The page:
Paradise Now (2005)
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|Movie Review by Matthew |
April 20th, 2006
"Paradise Now", the new Palestinian film recently released on DVD, is an engrossing look at what life is like in a part of the world many of us will never get to see. The film was nominated for an Academy Award for Best Foreign Film in 2005.
Said (Kais Nashef) and Khaled (Ali Suliman) are two young men who have lived in the West Bank for their entire lives. They, like most of their friends and family, have long since learned to live with the constant presence of Israel in their lives. They don't give checkpoints a second glance, they barely duck when a bombing happens nearby, they have learned to live without many of the things we take for granted; variety of food, movies, freedom of movement. One day, Jamal (Amer Hlehel) tells them their time has come; they have been chosen to perform a suicide bombing in Tel Aviv, in retaliation for the murder of Suha's (Lubna Azabal) father. When Suha, a friend of the two young men, finds out about their plan, she tries to stop them, believing that the violence will only lead to more violence.
"Paradise Now", written and directed by Hany Abu-Assad, is a surprisingly moving film. Shot in the West Bank, the film thrusts us into daily life in this very remote part of the world. I say remote because I think I can safely say many of us will never see this very different part of the world. It depicts the lives of the two young men, showing us their difficult struggles, in an effort to convince us why they would be so eager to participate in such a heinous act, why such a thing would make them 'heroes'. And "Paradise" does a remarkably good job of convincing us. Their life is very difficult, but it isn't difficult because of the Palestinians or the Israelis. It is difficult because of a long standing history between the two groups. They have spent so many years hating each other, trying to eradicate each other; it is difficult to wonder if they will ever reach peace.
After the two men are chosen, we watch their indoctrination and training.
The process of any change they experience is a gradual one. They each share a last evening with their families, never revealing the journey they will take on the next day. These scenes are very emotional, yet low key. They can't reveal what will happen, to keep their parents safe from the news and the effects. Yet, they also have to maintain a sense of normalcy. They can't cry or get emotional or bid a long farewell. Perhaps it is this lack of a proper good-bye which helps to begin the journey of change. They are groomed, heads shaven, clothes changed, to make them appear more Israeli, so they can blend in. They receive detailed instructions. One of them should set off their bomb first, allowing the police and authorities to come to the scene and then the second should set off their bomb, to inflict more casualties. Then they receive the instructions about how to get into Tel Aviv and where to go.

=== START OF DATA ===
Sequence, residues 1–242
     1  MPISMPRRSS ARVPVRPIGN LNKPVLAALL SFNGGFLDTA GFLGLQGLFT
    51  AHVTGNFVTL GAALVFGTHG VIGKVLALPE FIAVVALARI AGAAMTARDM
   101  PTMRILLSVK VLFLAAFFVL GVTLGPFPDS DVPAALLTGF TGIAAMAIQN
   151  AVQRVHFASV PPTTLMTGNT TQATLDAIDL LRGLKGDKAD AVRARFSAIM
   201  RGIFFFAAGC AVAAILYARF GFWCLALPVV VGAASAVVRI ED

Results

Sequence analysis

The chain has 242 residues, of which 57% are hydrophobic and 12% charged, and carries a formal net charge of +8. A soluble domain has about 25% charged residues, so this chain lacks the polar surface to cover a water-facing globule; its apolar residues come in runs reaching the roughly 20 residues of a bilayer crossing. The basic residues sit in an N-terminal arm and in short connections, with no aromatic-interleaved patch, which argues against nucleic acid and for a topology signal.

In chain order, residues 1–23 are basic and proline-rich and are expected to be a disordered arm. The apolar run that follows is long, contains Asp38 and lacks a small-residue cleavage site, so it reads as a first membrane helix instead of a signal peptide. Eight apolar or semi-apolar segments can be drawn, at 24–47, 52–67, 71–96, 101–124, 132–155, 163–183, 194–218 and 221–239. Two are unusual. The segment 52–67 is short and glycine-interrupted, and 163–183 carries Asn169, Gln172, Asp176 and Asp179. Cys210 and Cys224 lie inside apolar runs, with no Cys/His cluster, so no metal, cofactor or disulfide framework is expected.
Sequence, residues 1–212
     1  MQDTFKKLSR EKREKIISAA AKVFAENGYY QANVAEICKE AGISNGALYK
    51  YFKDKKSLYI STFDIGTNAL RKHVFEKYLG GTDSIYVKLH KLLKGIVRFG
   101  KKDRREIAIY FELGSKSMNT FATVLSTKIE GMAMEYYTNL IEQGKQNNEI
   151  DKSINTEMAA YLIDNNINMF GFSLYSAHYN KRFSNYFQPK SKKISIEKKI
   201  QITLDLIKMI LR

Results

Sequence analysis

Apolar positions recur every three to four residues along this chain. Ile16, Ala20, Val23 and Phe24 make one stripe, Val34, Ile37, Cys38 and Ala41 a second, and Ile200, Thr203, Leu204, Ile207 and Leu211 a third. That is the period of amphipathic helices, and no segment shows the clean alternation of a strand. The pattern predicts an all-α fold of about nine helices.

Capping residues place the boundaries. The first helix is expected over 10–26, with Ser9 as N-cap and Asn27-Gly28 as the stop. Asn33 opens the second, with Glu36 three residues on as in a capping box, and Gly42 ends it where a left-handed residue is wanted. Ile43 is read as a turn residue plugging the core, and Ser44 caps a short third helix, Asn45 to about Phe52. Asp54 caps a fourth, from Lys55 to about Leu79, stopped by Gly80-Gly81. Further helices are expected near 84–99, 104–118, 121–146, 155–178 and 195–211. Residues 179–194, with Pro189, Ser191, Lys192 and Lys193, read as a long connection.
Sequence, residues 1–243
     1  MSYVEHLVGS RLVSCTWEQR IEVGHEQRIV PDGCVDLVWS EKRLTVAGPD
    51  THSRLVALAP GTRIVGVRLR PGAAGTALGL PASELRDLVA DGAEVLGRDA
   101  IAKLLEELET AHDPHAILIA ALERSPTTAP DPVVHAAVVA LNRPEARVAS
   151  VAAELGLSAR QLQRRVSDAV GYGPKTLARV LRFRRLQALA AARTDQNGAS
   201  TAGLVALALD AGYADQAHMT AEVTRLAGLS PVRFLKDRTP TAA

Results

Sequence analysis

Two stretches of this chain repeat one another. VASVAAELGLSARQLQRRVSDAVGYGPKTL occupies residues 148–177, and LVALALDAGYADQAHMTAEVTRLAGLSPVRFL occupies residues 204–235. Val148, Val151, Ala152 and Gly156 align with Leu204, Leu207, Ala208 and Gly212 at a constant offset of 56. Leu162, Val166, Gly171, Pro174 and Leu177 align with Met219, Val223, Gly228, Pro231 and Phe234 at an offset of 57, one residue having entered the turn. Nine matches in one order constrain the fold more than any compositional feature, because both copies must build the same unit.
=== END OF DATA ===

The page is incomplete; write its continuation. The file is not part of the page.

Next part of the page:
But Said and Khaled go through with it, leaving for Tel Aviv. Complications arise.
Abu-Assad does a very good job of showing the conflicting emotions in his main characters. They have been trained, programmed, all of their lives to believe Israel is the enemy, and now they have the chance to become martyrs for the cause, to become heroes. Yet, they begin to question if this is the way to obtain their goals. After they arrive in Israel, they blend in, receiving only cursory glances. What really makes this film powerful is that it pretty evenly presents both sides of the story. It clearly wants to show peace is the way, but it has to give us an idea of what they have lived with all of their lives. To present only one point of view would not do the film justice. We need to see both, to make the right way seem all the more correct and powerful.
Kais Nashef is very good as Said, the more unemotional of the two, steely, reserved and determined to carry out his mission. Ali Suliman's Khaled is the more emotional one. He is more excited about his calling and also more scared when the effects of the mission become clear.
Suha proves to be the level headed member of the group. She is quite smitten with Said, but he doesn't seem able to reciprocate. When he learns of his fate, he becomes even more withdrawn, afraid to get her hopes up. As soon as she learns of their plans, she raises many good points, debating with them the need for their journey. She believes that the only way to end this current problem is through peaceful negotiations. Violence will only lead to more violence, as it has in their culture for years, for decades.
It won't fit. Please read the full review at thornhillatthemovies.com
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